“Donald Trump just blew up the electoral map”. That was the Washington Post headline as the self-styled Republican nominee stunned experts and media projections and calculations to sweep the US Presidential elections on November 9. As media houses in the West still struggle to come up with what went wrong with their projections, we tried to put together some of the interesting points mapping the Trump victory — explaining the kind of support Donald Trump received from across the country.
More electoral college votes despite less popular votes
A presidential candidate does not just need more popular votes. He/she needs the support base to be efficiently distributed around the whole country so that the candidate wins the states. While every pre-poll projection and expert had claimed Hillary Clinton had a more “efficient” distribution of the votes, the end result was exactly the opposite. Clinton had more number of popular votes, Trump swept the states. The GOP candidate walked away with 279 electoral college seats even with 47.5% popular votes while Hillary Clinton could manage only 228 with 47.7% popular votes. This map by AP shows almost the entire country painted red with bits of blue in between.
Trump voters were spread all over the country
This map shows how strong the Republican vote was across the United States, pushing Democratic support back to strongholds on the west coast and in the north east. The Democrats lost support in the mid-west and around the Great Lakes, as well as in the south east, with exit polls suggesting that men voted Republican in much higher numbers than women.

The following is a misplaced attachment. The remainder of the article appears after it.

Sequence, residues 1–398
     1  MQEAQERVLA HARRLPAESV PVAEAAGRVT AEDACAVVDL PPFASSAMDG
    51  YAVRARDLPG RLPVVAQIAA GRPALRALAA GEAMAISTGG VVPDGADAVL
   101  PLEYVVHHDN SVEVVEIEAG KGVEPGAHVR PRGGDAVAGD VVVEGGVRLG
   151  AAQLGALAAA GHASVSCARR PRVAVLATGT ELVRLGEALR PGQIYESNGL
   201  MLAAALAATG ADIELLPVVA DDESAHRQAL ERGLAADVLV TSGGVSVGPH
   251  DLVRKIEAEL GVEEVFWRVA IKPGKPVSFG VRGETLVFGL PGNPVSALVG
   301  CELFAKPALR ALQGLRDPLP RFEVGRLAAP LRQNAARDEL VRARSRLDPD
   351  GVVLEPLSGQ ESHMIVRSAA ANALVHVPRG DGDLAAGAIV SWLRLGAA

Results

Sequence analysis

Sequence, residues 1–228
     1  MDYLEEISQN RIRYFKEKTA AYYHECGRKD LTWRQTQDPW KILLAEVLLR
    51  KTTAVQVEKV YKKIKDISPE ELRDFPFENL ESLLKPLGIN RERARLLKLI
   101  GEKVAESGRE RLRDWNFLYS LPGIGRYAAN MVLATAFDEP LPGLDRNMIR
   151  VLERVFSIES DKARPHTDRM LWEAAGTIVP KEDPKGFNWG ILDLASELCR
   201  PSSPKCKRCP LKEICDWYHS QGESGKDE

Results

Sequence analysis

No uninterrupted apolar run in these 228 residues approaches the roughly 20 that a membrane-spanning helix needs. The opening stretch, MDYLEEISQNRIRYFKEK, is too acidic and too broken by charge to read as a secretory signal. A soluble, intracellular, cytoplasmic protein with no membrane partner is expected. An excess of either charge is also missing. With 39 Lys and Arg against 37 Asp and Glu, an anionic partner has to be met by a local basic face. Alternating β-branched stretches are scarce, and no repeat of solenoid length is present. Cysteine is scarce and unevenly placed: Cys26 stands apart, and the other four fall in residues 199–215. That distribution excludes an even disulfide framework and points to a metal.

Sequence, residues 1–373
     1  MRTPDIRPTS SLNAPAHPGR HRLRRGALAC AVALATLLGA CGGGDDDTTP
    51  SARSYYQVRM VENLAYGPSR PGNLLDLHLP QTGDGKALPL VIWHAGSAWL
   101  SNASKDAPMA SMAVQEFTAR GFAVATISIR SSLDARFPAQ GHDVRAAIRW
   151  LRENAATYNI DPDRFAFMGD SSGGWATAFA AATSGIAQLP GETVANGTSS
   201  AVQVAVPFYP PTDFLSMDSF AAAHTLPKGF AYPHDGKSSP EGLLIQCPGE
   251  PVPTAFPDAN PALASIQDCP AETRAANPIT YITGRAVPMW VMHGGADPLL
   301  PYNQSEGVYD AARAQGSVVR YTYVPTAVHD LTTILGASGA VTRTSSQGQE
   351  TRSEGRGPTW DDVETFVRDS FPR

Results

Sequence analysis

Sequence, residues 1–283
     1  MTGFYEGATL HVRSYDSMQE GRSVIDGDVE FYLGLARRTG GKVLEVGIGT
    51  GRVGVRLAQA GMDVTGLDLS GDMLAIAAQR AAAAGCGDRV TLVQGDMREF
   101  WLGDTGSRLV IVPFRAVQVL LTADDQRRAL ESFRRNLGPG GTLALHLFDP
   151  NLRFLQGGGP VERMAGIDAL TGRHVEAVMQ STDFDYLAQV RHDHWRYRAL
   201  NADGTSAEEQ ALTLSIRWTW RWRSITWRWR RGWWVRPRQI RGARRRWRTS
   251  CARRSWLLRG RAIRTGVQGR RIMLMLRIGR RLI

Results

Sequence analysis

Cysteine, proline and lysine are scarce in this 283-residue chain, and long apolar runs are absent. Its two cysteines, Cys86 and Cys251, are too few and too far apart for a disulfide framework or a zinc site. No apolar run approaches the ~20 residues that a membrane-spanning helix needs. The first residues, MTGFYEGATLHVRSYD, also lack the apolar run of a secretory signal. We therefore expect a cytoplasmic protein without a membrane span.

Popularity among white voters
Trump received 58% of the white votes, who made up 70% of the electorate in this year’s election. Several of the swing states ultimately went to Trump largely owing to his strength among white voters. Trump beat Clinton 62 to 33 in counties that are at least 85% white. Clinton’s weakness was evident in that she couldn’t come closer to matching Obama’s total in 2012, when he won 41% of that vote. So even though Clinton actually did better than Obama in counties where at least 60% of the population is non-white, it was rarely enough to close her gap with white voters.
Huge margins in middle class areas
Trump ran up huge vote margins in counties where the median income was between $25,000 and $30,000 a year. The GOP received 52% votes in these counties. Again Cinton’s weakness here was palpable as Barack Obama won those counties by one point four years ago. Interestingly, Clinton did well in wealthier counties, but there simply weren’t enough votes there to match Trump‘s strength, shows an analysis by Bloomberg.
Huge rural support
Trump ruled in rural America with Democratic voters clustered in cities. It is to be noted that Clinton slightly improved upon Obama’s 2012 performance in counties with more than 1 million people but the rural vote overwhelmingly went for Trump, shows the Bloomberg analyasis. Clinton received less than 30% of the vote in counties with less than 20,000 people.